Eight rooms, tranquil dormer windows & quirky boltholes

House Qvarsebo in Västerbyn, Sweden by Leo Qvarsebo

Wooden walls from a shut-down jigsaw factory, windows from an online marketplace and a climbing wall on the façade. Leo Qvarsebo’s summer retreat in Dalarna is an inspiring building.

THE ARCHITECT LEO Qvarsebo calls his house QvarseBo. It is located in Västerbyn, just outside Hedemora, and is the result of several years of planning, hard work and uncompromising vision. When Leo was designing the retreat for him and his family, he had in mind a calm space where they could live in a way that was diametrically opposed to their hectic urban life in Stockholm.

“I pictured it all in scenes in my mind. I wanted us to be able to prepare food inside and out. We would have a room for relaxing and reading. And another where we could lie and sleep, and look up at the stars,” says Leo Qvarsebo.

These functions, together with Leo’s take on the concept of rooms in architecture, formed the starting point for the triangular summer villa.

“I don’t think architecture should invent new spaces. It should be a question of how you work with the relationships between them. So the house has quite normal rooms – the surprising part is how they are put together,” says Leo Qvarsebo.

He is referring to the house’s quirky series of half-levels, which form five small floors. From each floor you can see up to the next, which creates a sense of curiosity and draws you to continue, peeping through openings and windows that reveal glimpses of the outside, until finally you reach the bedroom with its view of the whole landscape, the lake and the sky. Each floor’s dormer windows and ledges create private corners, but as you climb the stairs, which cut through the house like a shaft, you are back in the public domain. The idea for these rooms gave the building its shape, and eventually led to the choice of material.

“I had in mind a kind of cover that enclosed these functions, with a slab rising up from the ground and continuing up into the attic. I wanted the slab to feel beautiful, both visually and to the touch. That’s why I chose wood,” says Leo.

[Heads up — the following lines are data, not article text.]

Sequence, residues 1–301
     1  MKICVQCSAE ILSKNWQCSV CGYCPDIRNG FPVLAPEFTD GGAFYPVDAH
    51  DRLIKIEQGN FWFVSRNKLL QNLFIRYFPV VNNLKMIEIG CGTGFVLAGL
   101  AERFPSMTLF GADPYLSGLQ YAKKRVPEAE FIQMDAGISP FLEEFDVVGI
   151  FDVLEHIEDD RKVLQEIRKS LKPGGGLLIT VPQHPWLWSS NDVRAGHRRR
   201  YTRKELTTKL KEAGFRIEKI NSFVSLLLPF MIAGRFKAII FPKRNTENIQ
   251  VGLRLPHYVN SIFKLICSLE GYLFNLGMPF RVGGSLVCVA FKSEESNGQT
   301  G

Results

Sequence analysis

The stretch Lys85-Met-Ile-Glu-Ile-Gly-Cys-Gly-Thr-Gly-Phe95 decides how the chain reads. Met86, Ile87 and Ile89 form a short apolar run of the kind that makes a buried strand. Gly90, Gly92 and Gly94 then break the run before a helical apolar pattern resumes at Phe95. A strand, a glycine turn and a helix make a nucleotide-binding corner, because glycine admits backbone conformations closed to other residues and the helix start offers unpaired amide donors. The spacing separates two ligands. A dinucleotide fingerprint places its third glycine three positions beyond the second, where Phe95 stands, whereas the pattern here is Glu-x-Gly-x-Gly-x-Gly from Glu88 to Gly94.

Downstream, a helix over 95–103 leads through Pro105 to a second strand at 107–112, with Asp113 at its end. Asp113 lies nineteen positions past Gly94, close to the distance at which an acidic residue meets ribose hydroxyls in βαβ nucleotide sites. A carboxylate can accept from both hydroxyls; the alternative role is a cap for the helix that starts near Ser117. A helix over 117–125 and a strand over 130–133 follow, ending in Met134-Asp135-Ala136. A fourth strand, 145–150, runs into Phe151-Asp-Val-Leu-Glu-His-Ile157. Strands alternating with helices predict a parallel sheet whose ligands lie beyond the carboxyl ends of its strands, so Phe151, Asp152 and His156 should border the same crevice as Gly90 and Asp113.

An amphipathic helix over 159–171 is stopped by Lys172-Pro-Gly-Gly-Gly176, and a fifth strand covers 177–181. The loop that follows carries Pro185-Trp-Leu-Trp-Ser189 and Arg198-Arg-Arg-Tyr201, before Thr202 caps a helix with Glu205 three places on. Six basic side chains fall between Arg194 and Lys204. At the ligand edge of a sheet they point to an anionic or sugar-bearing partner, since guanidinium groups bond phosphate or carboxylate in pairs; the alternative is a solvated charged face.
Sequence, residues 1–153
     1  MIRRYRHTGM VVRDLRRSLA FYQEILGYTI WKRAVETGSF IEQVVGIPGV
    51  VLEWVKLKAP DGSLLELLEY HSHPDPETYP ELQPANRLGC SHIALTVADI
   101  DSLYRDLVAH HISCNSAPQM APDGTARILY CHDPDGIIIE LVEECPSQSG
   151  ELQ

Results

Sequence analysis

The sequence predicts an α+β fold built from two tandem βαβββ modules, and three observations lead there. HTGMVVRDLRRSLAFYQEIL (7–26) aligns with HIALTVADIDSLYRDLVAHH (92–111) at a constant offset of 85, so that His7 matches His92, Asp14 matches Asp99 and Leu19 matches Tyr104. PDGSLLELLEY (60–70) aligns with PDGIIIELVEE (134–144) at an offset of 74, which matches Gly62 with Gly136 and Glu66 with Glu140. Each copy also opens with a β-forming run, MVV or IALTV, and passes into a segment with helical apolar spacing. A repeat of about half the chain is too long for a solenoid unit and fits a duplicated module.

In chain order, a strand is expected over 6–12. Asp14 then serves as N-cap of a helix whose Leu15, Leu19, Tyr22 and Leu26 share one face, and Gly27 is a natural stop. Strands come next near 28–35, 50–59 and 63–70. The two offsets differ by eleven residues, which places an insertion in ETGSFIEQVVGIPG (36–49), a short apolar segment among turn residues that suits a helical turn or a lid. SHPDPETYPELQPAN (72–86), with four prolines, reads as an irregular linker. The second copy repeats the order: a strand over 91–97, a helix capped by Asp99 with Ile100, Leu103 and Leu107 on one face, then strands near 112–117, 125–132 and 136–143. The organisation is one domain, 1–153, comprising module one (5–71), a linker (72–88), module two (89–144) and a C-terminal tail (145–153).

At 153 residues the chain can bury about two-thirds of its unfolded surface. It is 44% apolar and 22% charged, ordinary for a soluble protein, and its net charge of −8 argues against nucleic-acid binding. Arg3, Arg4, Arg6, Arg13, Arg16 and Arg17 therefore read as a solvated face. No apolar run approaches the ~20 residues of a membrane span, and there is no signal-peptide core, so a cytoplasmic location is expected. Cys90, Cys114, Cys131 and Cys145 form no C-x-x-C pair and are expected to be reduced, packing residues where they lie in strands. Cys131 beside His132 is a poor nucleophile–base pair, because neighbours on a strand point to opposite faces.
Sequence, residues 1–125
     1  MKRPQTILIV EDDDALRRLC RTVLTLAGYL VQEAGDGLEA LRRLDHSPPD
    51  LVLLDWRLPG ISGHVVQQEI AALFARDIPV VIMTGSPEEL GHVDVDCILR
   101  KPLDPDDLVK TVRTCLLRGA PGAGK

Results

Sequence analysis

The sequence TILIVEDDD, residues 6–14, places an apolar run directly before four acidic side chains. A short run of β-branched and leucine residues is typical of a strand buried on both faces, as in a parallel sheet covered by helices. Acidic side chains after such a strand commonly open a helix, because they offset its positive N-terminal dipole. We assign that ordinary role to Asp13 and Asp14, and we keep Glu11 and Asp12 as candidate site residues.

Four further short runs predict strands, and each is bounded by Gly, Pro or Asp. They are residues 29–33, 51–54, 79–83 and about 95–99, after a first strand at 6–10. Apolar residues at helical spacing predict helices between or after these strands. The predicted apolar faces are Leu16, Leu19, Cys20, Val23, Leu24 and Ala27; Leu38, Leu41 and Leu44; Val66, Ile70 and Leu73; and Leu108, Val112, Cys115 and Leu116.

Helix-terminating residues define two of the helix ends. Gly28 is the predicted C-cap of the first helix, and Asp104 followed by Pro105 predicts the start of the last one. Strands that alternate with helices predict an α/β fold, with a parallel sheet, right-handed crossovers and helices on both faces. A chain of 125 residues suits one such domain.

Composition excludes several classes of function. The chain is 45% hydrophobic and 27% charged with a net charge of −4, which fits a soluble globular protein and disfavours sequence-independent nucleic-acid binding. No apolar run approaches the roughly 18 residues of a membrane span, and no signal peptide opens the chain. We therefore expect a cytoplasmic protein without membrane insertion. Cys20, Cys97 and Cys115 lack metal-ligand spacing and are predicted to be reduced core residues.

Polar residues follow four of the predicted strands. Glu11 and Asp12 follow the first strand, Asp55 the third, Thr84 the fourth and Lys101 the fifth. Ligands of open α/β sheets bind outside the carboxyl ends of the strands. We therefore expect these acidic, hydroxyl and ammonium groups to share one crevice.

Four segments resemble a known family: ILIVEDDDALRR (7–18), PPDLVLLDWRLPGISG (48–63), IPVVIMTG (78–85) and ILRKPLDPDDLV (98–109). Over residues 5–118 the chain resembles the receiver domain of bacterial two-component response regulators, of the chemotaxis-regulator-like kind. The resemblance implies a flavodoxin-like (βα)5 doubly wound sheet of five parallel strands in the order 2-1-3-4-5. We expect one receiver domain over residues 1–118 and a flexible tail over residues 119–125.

THE HOUSE IS MADE OF WOOD inside and out. The structural frame comprises Kerto beams, a type of laminated veneer lumber (LVL) that was put together on site and then erected as a large A. All the layers in the roof and walls are wood products, except for the weatherproofing layer. The house is clad internally with ash plywood from Egmont’s shut-down jigsaw factory, while the gable windows and all the doors were a bargain on the online marketplace Blocket. When all the windows are open, you can see that they are all hung in different directions, which contributes to the building’s sense of invention and of being a “grown-up cabin”, as Leo has described it. Externally, the house is clad in Gotland heartwood pine, treated with an eco-friendly silicon-based oil. The path to the wood cladding was, however, not entirely direct, and it opened Leo’s eyes to what wood is, can be – and how the wood industry largely approaches it.

“I hadn’t done much building in wood before, but I entered the project with a great deal of optimism. However, I was told by various people that I couldn’t do what I wanted to with wood, which I think is partly because some of the knowledge about different qualities of wood has been lost.”

Leo received amusing confirmation of this when the roofing material was delivered. A local sawmill had manufactured it and the timber merchant he was working with drove the delivery out to the site.

“It was fantastic, close-grained wood, but the timber yard wasn’t used to handling it. When it came to unloading the wood from the truck, it was too heavy for their crane to lift!”

Text: Erik Bredhe

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